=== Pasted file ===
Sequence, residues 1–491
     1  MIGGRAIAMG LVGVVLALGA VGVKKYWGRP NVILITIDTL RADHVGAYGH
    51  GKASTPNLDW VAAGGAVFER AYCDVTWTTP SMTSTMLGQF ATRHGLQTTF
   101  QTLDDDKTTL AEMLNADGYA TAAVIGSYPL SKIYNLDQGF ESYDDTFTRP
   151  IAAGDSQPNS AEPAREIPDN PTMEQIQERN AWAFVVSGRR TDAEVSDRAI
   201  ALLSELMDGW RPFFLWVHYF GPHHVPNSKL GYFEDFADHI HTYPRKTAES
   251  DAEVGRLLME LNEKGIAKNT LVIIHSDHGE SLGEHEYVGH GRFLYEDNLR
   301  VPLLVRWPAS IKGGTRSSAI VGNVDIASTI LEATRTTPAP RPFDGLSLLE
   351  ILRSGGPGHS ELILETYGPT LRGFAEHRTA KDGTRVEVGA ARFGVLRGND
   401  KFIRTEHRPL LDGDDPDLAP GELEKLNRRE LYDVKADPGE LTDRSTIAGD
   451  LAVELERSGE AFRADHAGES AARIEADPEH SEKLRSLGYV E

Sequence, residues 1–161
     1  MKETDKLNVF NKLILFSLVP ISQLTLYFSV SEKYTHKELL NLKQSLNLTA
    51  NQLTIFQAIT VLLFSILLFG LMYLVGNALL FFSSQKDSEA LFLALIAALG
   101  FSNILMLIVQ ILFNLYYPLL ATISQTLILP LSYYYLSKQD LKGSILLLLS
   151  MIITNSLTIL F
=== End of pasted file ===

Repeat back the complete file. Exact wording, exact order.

Sequence, residues 1–491
     1  MIGGRAIAMG LVGVVLALGA VGVKKYWGRP NVILITIDTL RADHVGAYGH
    51  GKASTPNLDW VAAGGAVFER AYCDVTWTTP SMTSTMLGQF ATRHGLQTTF
   101  QTLDDDKTTL AEMLNADGYA TAAVIGSYPL SKIYNLDQGF ESYDDTFTRP
   151  IAAGDSQPNS AEPAREIPDN PTMEQIQERN AWAFVVSGRR TDAEVSDRAI
   201  ALLSELMDGW RPFFLWVHYF GPHHVPNSKL GYFEDFADHI HTYPRKTAES
   251  DAEVGRLLME LNEKGIAKNT LVIIHSDHGE SLGEHEYVGH GRFLYEDNLR
   301  VPLLVRWPAS IKGGTRSSAI VGNVDIASTI LEATRTTPAP RPFDGLSLLE
   351  ILRSGGPGHS ELILETYGPT LRGFAEHRTA KDGTRVEVGA ARFGVLRGND
   401  KFIRTEHRPL LDGDDPDLAP GELEKLNRRE LYDVKADPGE LTDRSTIAGD
   451  LAVELERSGE AFRADHAGES AARIEADPEH SEKLRSLGYV E

Sequence, residues 1–161
     1  MKETDKLNVF NKLILFSLVP ISQLTLYFSV SEKYTHKELL NLKQSLNLTA
    51  NQLTIFQAIT VLLFSILLFG LMYLVGNALL FFSSQKDSEA LFLALIAALG
   101  FSNILMLIVQ ILFNLYYPLL ATISQTLILP LSYYYLSKQD LKGSILLLLS
   151  MIITNSLTIL F